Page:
The Sassanid king, Bahram V., fought several campaigns with them and succeeded in keeping them at bay, but they defeated and killed Peroz (Firuz), A.D.
BAHRAM (Varahran, in Gr.
(277-294), son of Bahram I.
BAHRAM III., son of Bahrain II., under whose rule he had been governing Sejistan (therefore called Saganshah, Agathias iv.
So Bahram V.
And Bahram V.
But at the same time the general Bahram Chobin had proclaimed himself king, and Chosroes II.
Bahram Chobin was beaten and fled to the Turks, among whom he was murdered.
But not even 1 Possibly in the war at the beginning of the reign of Bahram V.: but on the uncertainty see Noldeke, Gesch.
The successor of Shapur, Hormizd (272-273), appears to have been favourably disposed towards him, but Bahram I.
In 1117 he led an expedition against Ghazni and bestowed the throne upon Bahram Shah, who was also obliged to mention Sinjar's name first in the official prayer at the Ghaznavid capital - a prerogative that neither Alp Arslan nor Malik Shah had attained.
The Turks were celebrating the feast of Bahram at the end of the Ramadan fast.
(399-420) the eleven years of his predecessor Bahram IV., and the twentyone years of Yazdegerd I.
To his successor Bahram V.
The founder of the dynasty was Alauddin, chief of Ghor, whose vengeance for the cruel death of his brother at the hands of Bahram the Ghaznevide was wreaked in devastating the great city.
In 1155 Bahram, the last of the Ghaznivide Turks, was overthrown by Ala-ud-din of Ghor, and the wealthy and populous city of Ghazni was razed to the ground.
Khusru, the son of Bahram, fled to Lahore, and there established the first Mahommedan dynasty within India.
On the third day after death an assemblage of the relatives and friends of the 'deceased takes place at his late residence, and thence proceed to the Atish-bahram, or "firetemple."
(reigned 272273), was favorably disposed to him; but Shapurs younger son, Bahram I.
Bahram IV., 388399.
Bahram 1., 273276.
Bahram II., 276293.
Bahram V., Gor.
Bahram III., 293.
In the reign of Bahram II.
Bahram, however, was unable to effect anything, as his brother Hormizd was in arms, supported by the Sacae and other tribes.
Some years later his uncle and successor, Narses, after subduing his rival Bahram III., occupied Armenia and defeated the emperor Galerius at Callinicum (296).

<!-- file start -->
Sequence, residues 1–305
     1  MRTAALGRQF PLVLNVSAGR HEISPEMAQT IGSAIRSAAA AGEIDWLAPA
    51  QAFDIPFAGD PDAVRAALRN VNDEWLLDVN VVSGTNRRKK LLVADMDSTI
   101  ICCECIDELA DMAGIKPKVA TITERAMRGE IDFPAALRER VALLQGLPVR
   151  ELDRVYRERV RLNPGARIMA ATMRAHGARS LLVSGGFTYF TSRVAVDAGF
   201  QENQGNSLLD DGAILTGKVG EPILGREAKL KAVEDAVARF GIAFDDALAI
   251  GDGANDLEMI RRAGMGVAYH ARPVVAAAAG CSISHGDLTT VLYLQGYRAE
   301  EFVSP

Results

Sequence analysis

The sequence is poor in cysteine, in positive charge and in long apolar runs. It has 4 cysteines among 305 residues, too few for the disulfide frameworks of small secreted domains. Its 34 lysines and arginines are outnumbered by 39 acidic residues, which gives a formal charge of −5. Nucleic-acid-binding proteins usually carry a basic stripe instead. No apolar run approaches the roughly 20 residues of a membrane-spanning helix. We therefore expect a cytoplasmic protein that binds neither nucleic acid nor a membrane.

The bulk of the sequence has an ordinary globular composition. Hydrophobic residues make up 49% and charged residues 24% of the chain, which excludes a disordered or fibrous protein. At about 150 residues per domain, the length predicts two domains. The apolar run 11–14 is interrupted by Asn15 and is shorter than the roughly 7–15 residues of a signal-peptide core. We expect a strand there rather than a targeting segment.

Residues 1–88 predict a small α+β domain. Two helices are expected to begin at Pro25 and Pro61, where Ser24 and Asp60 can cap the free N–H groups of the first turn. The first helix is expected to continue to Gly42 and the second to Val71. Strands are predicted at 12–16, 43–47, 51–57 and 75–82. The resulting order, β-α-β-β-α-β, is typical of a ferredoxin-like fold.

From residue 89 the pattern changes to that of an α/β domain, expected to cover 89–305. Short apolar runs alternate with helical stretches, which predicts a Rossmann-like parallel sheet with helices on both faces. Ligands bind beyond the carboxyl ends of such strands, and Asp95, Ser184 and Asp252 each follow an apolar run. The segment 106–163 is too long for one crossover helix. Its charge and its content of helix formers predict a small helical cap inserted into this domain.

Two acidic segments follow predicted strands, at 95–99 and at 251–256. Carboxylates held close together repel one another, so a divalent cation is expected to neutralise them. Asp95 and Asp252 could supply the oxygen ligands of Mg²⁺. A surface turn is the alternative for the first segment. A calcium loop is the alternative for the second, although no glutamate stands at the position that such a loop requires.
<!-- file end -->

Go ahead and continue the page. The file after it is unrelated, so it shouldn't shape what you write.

(Bahram VI., Cobin, Bistam 590
The subsequent invasions of the Goths, in battle with whom Valens fell at Adrianople (375), definitely precluded Roman intervention; and the end of the Armenian troubles was that (c. 390) Bahram IV.
As was also his brother, Bahram IV., in 399.
One of them, however, Bahram V., found an auxiliary in the Arab chief Mondhir, who had founded a principality in Hira, west of the lower Euphrates; and, as he pledged himB~ram ~ self to govern otherwise than his father, he received general recognition.
Bahram, however, was worsted; and in the peace of 422 Persia agreed to allow the Christians free exercise of their religion in the empire, while the same privilege was accorded to Zoroastrianism by Rome.
Eventually he succumbed to a conspiracy of his magnates, at whose head stood the general Bahram Cobin, who had defeated the Turks, but afterwards was beaten by the Romans.
But immediately new risings broke out, in which Bahram Cobinthough not of the royal lineattempted to secure the crown, while simultaneously a Prince Chosre~sII Bistam entered the lists.
The people flocked to his standard; Bahram Cobin was routed (591) and fled to the Turks, who slew him, and Chosroes once more ascended the throne of Ctesiphon; Bistam held out in Media till 596.
He was the son of a cook 0f Bahram Mirza, Mahommed Shahs brother, and he had filled high and important offices of state and amassed much wealth when he was 1~ih1 of made by the young shah Nasru d-Din, on his accession, MirzaTakl.